OTTAWA - Only 364 days from his 40th birthday, Daniel Alfredsson is still one of the best players on the Senators.
He's tied for sixth in team scoring, but he has also played six fewer games than most everybody else because of a hip flexor and concussion. Of his 16 points, seven (two goals, five assists) have come in the past seven games -- or about the time veteran Nick Foligno became his centre.
In most of the previous 17 games, Alfredsson played with rookie Stephane Da Costa.
Alfredsson turned 39 Sunday and naturally spent the day at the rink — only this time it was with his family, for a kids Christmas party. Afterwards, he went home where his clan was joined by brother Henric and his wife. Birthday gifts included underwear, socks, a tie and "hot chocolate packages from the kids."
On Monday, it was back to work, then a flight to Buffalo, where Alfredsson scored his biggest goal -- the game winner to send the Senators to the 2007 Stanley Cup final.
With the better-than-expected play of this season's team, we were wondering if it has caused Alfredsson to rethink his future -- not that he has made any concrete decisions yet.
"No it hasn't," said Alfredsson. "I'm just enjoying this year, trying to do as good as I can, and for our team to do as well as we can. I think after the season, that's when I'll evaluate how I feel and how my body feels more than anything.
"See what happens after that."
Of his own game this season, Alfredsson isn't completely satisfied.
"It's been okay," he said. "I felt really good in the beginning. Then I think I struggled when I came back from my concussion. In the last week or so I feel my skating is getting better, feel like I'm getting around and getting in position a lot more. It's okay right now."
It's been good enough that he's still one of the best Senators.
DRAFT DAY IN DECEMBER
Alfredsson and Chris Phillips each made their first two picks for the Senators Dec. 28 skills competition. Team Phillips has defeated Team Alfredsson the past three years.
"It's been a good run and I have a few tricks up my sleeve again," Phillips said. "I guess I could kind of be called the Billy Beane of skills competitions. I kind of look inside hard at the task and it's paid off for me the last couple of years."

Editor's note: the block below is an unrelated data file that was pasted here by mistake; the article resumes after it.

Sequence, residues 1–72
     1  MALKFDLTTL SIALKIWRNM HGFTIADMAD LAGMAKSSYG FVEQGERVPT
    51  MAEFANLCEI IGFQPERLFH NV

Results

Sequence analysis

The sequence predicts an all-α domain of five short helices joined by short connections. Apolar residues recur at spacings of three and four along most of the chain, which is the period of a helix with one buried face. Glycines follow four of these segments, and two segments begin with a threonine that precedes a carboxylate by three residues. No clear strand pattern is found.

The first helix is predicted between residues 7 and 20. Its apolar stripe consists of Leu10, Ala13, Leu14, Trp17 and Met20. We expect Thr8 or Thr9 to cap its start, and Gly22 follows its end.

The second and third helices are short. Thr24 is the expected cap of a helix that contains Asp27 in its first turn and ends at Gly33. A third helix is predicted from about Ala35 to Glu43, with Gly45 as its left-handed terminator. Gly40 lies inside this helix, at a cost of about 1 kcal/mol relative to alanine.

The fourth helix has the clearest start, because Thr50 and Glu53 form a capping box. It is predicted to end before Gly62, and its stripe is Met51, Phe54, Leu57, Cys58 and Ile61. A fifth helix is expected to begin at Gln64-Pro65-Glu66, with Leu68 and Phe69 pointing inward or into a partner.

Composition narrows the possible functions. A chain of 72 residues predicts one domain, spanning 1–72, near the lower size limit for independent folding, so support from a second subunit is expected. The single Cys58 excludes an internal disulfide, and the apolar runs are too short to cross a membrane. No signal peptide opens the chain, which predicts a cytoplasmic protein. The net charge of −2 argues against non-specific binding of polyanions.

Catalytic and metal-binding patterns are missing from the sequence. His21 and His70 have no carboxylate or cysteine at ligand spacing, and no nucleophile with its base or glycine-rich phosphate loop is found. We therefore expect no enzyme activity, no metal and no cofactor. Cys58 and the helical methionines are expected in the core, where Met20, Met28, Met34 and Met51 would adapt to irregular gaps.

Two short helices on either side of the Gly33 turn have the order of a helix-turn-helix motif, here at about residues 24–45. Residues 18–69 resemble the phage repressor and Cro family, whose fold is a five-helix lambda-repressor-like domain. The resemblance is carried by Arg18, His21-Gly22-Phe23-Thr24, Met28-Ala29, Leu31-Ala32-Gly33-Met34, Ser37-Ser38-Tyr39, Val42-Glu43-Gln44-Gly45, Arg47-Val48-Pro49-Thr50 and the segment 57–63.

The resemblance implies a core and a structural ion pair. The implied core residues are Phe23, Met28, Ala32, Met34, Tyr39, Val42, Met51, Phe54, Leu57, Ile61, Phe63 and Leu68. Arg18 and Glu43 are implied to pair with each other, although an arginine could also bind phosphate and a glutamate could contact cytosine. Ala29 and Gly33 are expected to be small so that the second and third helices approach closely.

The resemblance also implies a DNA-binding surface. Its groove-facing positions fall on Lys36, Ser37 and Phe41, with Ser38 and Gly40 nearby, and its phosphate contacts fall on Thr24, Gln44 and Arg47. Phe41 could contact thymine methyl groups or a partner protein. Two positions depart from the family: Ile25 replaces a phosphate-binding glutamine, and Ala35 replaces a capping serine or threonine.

Like Beane, the shrewd GM of the Oakland A's and subject of Moneyball, the Phillips strategy could be called Money Puck.
"Yeah, but I'm not going to say that three times fast," said Phillips.
Said Alfredsson: "Usually I try to put the blame on everybody else, but three in a row I've got to look at myself in the mirror. I've done some research here and I'm going to do a better job of selecting my team."
Alfredsson had first pick overall and he took Jason Spezza.
"It's a skills competition, right? When you think skill, I go to Jason right away," said Alfredsson, who likes his team's chances this year. "He can do pretty much every competition ... there's a lot of passing and a lot of shooting. He's going to come out and get some points I think."
Spezza was beside himself — when he was beside Alfredsson.
"It's a huge honour," he said. "I'm nervous right now. Shocked really. I wish my family could be here to share this with me."
Phillips pulled out one of those tricks up his sleeve with his first pick.
"The last 10 minutes I've been really busy," he said. "I traded up to get the second pick. And with the second pick overall, we're pleased to announce Matt Carkner was the first pick of Team Phillips."
Unlike Spezza, Carkner wasn't surprised at all.
"Obviously he saw me last year in the fastest skating competition and he couldn't resist," said Carkner. "I'm really excited to be a part of this."
To be fair, Carkner did win the hardest shot competition last year.
"It's the only thing I'll ever beat Alfie in," he said.
Alfredsson took Erik Karlsson next. Why?
"He's Swedish," said Alfredsson.
Nick Foligno was Phillips' second pick.
"He was closest to (the door) and coming out for the media release here," explained Phillips.
Said Foligno: "I'm a little nervous, but I like our chances."
THIS AND THAT
It looks like the Senators may catch a break, as both Eastern Conference powerhouses about to visit Scotiabank Place could be doing so minus their captains. Zdeno Chara is expected to miss a week with a leg injury and Sidney Crosby is out indefinitely with more concussion-like symptoms ... Senators prospect Patrick Weircioch is still recovering in hospital after taking a slap shot in the throat last week. "There's nothing different. He's stable, he's obviously comfortable now," said GM Bryan Murray. "He's in Syracuse and he's being looked after by one of the best doctors in the business. We expect a full recovery." ... Senators assistant coach Mark Reeds will have a nasty shiner after being hit by a deflected puck just under the left eye at Monday's practice. "He has to have a baseline test tomorrow. See if he can pass it," joked Paul MacLean. "It's just a boo-boo. He'll be all right. It's a long way from his heart." ... Peter Regin played 12:29 in his first game back after a missing two months with a shoulder injury. He should expect a bigger workload going forward. "It feels good," he said. "Obviously, it's going to take a couple of days to get the timing back and everything. I've only played one game and it was a pretty fast game against Vancouver. It was a tough game to start, and that was the biggest challenge in the beginning, I felt. The speed and timing and the whole game ... it got better as the game went on, I thought." Regin was asked if he was worried about affecting the chemistry on a team that has so far exceeded expectations. "I think we have a good team and the guys have played great the last month," he said. "Hopefully I can help. Hopefully we won't get worse. That wouldn't be good. I'll do my best to try and help out."